It’s not all just corporeal thrills though: new tracks like ‘Stargazer’ rekindle Hope’s love of lush techno and sensuous vocals, with Grant pointing to the cosmos for fulfilment for the soul. The theme of spirituality appears elsewhere on the album, especially on the emotive musicality of ‘Move On’, where Envoy plays popstar in waiting. If Hope is destined to enjoy mainstream success, then it will be with a track like this. Co-produced with Soma label-mate Ewan Pearson it’s mellow and deep yet catchy enough to crossover, Grant’s soft, sexy vocals will woo even the most cynical listener.

“It’s the best thing I have ever done and is a real departure from what I’ve made before,” he says.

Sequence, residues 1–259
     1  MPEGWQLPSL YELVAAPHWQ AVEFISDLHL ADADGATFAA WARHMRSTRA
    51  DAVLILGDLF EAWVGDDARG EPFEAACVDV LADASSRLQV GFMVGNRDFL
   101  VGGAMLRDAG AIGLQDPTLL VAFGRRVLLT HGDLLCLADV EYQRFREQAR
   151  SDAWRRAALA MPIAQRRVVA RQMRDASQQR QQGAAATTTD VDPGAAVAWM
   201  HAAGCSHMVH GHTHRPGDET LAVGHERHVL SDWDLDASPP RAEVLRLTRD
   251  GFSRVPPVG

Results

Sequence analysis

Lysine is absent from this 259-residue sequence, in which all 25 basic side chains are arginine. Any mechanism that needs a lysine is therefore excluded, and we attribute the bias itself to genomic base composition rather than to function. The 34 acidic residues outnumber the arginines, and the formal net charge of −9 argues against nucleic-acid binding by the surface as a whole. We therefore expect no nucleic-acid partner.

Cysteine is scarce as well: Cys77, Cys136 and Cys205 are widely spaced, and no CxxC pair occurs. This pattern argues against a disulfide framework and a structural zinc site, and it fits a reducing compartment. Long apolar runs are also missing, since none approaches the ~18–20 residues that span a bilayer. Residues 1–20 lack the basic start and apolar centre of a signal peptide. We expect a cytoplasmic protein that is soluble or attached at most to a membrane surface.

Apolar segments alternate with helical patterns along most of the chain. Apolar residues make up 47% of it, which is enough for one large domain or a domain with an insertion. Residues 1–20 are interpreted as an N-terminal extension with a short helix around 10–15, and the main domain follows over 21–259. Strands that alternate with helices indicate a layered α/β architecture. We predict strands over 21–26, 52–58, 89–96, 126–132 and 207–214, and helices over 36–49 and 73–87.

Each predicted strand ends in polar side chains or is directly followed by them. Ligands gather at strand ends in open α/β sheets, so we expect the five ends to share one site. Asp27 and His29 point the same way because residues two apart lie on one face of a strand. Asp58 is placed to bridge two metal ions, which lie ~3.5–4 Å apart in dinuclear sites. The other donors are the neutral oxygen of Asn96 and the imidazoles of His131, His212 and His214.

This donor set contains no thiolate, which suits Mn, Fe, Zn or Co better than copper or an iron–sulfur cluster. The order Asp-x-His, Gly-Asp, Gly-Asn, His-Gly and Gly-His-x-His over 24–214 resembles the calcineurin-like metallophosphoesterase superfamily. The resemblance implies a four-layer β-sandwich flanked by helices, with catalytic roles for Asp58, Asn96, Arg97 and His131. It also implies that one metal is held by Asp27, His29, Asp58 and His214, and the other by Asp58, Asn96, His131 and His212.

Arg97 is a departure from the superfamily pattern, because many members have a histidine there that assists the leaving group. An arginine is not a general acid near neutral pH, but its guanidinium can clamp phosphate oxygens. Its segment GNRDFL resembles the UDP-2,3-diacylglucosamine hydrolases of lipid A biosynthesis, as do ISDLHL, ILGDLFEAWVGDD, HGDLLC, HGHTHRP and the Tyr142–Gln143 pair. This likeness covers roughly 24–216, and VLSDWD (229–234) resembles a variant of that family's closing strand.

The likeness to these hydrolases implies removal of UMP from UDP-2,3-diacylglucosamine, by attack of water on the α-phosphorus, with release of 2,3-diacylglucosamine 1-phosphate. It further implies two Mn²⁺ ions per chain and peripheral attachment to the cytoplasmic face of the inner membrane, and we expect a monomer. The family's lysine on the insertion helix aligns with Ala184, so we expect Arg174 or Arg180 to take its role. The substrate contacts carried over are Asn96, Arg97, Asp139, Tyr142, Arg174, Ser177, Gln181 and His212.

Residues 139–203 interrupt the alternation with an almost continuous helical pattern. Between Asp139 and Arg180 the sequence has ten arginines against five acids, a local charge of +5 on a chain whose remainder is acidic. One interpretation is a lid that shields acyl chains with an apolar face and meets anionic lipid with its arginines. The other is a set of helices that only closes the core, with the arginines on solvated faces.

The strings on this production have been supplied by a twenty-nine piece orchestra and the arrangement is by classical/film composer Craig Armstrong. Craig who won a Golden Globe in 2002 for his score of Moulin Rouge has added a magical, melancholic slant to this extraordinary song.

Irrespective of the fickle whims of the commercial market and the music industry, ‘Shoulder 2 Shoulder’ is one of the finest electronic works of recent years. It sees the enigma that is Envoy lay bare his soul – and that makes for a masterpiece of epic proportions.